Dramatic fall in university applications

Thousands demonstrated against the fee hike last year
Thousands demonstrated against the fee hike last year

By Ruth McKee

The number of young people applying for places at university has fallen by almost 12% ahead of next September, when tuition fees will rise to £9,000, official figures show.

The University and College admission service (Ucas) published figures today which reveal a drop of over 7,000 in university applications from 52,321 to 59,413 for the same period last year.

The figures only show applications up to October 15th, which is the deadline for Oxford and Cambridge Universities as well as degrees such as medicine, vetinary medicine and dentistry.


Due to the trend towards early submissions it is thought applications will be down across the sector, however

The figures confirm what many universities feared about the decision to almost treble tuition fees to £9,000 - that the higher fees would deter many from applying for a place at a university and saddle themselves with more than £18,000 worth of debt.

Sally Hunt, general secretary of the University and College Union, the trade union for lecturers said it confirmed that the decision to raise tuition fees had been a mistake.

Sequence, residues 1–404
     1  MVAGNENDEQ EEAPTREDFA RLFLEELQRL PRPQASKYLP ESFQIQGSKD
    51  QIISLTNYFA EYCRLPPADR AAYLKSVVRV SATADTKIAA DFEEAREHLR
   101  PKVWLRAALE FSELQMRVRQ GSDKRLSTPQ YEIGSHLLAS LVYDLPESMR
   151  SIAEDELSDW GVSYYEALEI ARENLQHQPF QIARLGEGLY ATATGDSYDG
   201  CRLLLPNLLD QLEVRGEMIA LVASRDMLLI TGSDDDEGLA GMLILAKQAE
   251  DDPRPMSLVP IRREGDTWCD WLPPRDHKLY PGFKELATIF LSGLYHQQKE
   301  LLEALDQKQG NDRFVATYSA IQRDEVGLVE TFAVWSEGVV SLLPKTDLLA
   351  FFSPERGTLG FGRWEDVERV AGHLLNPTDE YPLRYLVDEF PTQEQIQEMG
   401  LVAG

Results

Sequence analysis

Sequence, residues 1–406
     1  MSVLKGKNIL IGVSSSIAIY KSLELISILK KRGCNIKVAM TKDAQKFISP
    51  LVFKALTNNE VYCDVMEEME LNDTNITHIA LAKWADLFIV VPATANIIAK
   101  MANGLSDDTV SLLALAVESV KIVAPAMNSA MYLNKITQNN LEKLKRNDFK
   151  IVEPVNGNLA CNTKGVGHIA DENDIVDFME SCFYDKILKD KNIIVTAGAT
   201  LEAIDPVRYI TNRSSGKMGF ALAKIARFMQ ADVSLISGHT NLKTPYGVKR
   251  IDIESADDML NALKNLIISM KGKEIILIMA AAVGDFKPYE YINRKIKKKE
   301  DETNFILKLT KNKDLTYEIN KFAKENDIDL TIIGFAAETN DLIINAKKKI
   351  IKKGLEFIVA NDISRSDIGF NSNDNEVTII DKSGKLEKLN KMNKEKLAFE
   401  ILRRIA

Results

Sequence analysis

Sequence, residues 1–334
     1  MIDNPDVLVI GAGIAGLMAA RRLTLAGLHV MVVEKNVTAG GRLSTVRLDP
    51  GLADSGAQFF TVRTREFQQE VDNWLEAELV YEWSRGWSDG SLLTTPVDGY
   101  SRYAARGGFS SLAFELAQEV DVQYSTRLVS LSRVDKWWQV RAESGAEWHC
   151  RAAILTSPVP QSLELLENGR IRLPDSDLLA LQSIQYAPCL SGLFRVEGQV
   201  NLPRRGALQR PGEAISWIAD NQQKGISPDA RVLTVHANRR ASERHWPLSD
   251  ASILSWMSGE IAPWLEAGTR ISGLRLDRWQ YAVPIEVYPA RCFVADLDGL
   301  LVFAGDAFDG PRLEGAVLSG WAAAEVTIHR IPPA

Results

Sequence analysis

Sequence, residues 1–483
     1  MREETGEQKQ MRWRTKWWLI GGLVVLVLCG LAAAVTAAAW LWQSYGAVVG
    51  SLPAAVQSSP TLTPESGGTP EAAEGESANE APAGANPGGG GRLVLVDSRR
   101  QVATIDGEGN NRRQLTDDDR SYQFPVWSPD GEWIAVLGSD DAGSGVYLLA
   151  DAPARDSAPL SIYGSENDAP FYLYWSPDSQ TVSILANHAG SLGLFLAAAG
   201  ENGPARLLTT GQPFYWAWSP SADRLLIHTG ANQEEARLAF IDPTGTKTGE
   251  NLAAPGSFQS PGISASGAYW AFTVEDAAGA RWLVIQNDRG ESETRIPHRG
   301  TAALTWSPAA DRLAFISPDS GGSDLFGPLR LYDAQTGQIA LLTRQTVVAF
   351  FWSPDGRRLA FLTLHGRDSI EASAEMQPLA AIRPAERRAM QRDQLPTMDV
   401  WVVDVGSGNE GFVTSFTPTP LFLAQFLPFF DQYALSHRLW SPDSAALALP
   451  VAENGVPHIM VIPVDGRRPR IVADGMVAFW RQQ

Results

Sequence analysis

"It is clearly having a serious impact on the choices young people make," she said.

"People should study the right course for them, not just the cheapest one or none at all. These depressing figures take us back to the time when it was cost, not ability, that determined your future."

But others have warned that at this stage it is too early to read into the figures.

"Historically, the application figures at the end of October have proven to be unreliable indicators of the final numbers. It may also be that students are taking longer this year to consider their options," Universities UK chief executive Nicola Dandridge said.

The initial figures seem to show a drop in the number of women applying for university places and the numbers of mature students applying has fallen steeply also. The proportion of applicants aged 40 or older has fallen by 27.8%, while those aged between 30 and 39 has dropped by 22.7%. 

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